How to go green at home, work
In last week’s column – Green buildings and energy efficiency – we introduced readers to the concept of green buildings.
A green building is one that has been constructed or outfitted to minimise its impact on the environment. The objectives are usually to ensure efficient energy and water use, sustainability in the construction value chain (for new builds), and a low footprint in terms of its impact on the surrounding environment.
These structures are becoming increasingly important in the Caribbean context, as building construction and operation contribute significantly to regional carbon emissions.
While integration of green design principles may be easiest for new builds, while targeting greater energy efficiency is perhaps the easiest approach for older structures.
Below are some simple ways to reduce the environmental footprint of your home or office buildings.
Reduce energy usage
The model and date of manufacture on some machines (eg appliances) can have bearing on the amount of energy they consume, as older technology is generally less efficient. Newer models are usually manufactured to conform to stricter environmental standards.
Switching out old appliances for energy efficient models, replacing incandescent bulbs with LED bulbs and installing dimmer switches are therefore simple but effective ways to reduce power consumption.
Where machines are operated using automated controls (eg fans or air-conditioners regulated by thermostats), it is also important to routinely assess these controls to ensure they are in working order, as malfunctions can impact energy use.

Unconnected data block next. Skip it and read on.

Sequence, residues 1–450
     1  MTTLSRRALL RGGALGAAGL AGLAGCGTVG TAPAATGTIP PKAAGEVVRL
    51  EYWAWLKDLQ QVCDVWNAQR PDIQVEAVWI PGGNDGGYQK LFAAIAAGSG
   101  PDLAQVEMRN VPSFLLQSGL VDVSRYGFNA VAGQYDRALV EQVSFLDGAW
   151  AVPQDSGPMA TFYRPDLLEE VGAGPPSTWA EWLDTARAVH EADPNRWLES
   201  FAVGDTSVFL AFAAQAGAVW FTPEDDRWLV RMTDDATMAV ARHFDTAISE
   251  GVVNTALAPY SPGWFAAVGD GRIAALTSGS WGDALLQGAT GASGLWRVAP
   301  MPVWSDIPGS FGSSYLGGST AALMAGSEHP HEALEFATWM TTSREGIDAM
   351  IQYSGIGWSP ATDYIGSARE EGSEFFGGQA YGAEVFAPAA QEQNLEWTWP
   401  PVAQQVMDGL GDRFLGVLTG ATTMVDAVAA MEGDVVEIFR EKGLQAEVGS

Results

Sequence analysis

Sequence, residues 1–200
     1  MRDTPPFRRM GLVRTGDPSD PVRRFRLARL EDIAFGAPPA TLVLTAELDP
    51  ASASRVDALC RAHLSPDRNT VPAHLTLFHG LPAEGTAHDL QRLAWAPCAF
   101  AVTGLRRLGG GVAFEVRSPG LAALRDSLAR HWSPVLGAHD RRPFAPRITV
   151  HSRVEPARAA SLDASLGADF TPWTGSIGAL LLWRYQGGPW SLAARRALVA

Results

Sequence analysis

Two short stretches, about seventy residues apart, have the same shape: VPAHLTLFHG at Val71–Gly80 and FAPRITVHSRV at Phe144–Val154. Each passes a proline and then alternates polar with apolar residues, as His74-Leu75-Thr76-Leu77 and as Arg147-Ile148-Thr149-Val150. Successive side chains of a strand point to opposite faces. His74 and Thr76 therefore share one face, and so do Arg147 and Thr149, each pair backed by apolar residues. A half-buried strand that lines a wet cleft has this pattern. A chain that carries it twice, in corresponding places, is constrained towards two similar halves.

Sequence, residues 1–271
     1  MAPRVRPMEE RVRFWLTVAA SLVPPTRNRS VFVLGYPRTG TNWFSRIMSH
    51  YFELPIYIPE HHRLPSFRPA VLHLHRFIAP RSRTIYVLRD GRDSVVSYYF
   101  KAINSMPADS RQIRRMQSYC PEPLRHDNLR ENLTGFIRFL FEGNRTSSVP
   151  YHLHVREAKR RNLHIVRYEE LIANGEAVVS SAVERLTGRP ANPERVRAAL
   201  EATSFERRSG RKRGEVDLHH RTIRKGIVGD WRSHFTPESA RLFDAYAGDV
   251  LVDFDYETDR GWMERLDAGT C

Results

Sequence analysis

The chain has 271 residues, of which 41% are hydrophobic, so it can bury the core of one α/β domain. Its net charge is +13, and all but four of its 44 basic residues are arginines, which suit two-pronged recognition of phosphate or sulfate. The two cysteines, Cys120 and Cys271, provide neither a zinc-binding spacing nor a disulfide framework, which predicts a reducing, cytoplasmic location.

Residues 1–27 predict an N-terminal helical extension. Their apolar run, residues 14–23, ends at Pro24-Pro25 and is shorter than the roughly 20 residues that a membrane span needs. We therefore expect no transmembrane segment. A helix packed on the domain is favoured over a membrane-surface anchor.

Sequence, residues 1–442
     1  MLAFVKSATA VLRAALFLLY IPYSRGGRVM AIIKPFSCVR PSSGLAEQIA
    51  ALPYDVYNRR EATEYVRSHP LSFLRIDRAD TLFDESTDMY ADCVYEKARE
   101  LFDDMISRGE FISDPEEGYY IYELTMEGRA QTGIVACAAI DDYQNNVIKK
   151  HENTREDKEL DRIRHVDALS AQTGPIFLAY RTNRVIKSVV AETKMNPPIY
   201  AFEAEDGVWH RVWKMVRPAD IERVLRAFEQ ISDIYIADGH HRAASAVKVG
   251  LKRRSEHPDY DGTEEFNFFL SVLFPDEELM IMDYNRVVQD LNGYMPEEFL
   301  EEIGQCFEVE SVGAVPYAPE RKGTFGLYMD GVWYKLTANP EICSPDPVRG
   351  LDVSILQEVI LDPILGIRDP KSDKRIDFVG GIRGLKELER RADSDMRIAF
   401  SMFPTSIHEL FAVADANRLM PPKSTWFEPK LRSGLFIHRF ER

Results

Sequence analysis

Another easy way is to adjust personal behaviours and practices. Using fans and natural ventilation instead of air conditioning and quite simply turning off lights and appliances when not in use are all effective ways to reduce energy usage. Office building managers can also seek to better match internal temperatures with user needs.
The installation of awnings or planting of shade trees around homes and buildings can help regulate internal temperatures and reduce reliance on air conditioning.
Where possible, homeowners or building developers can seek to integrate outdoor spaces such as covered balconies or terraces for occupants to capitalise on natural light and fresh air to work or rest instead of being confined to regulated internal environments.
Rooftop terraces would also allow for integration of sustainable gardening and rainwater harvesting.
Routine maintenance of the building "envelope" – the physical barrier between the conditioned and non-conditioned environment of a building – can help reduce energy demand.
Ill-fitting doors or damaged windows, for example, can affect a structure’s insulation and impact internal temperature regulation, so repairs and updates should be made where necessary. Radiant barriers can be installed under roofing to reflect heat and reduce demand for internal cooling.
As the world embraces alternative energy sources, renewable energy technologies are becoming cheaper and more accessible.
Installation of solar panels is one way to reduce demand for grid electricity and make power consumption more sustainable. Solar-powered devices can also help – consider, for instance, how switching parking lot lights or fence lamps to solar fixtures can cut power consumption at night.
Minimising waste generation on single-use materials and encouraging recycling are other approaches to making buildings greener in the long run.
Collectively, these simple changes can simultaneously reduce the footprint of the built environment and lower operational costs for homeowners and businesses alike. This makes green buildings a worthwhile investment from both financial and environmental standpoints.
Given the urgency of climate action, green buildings will undoubtedly play an important role as we look to build a more sustainable future for our planet.
This article was contributed to by the National Gas Company. To learn more about ways to reduce energy consumption, download NGC’s EnergySmarTT app from the Google Play or App Store. For more information about the clean energy transition, visit the website www.carigreen.ngc.co.tt
"How to go green at home, work"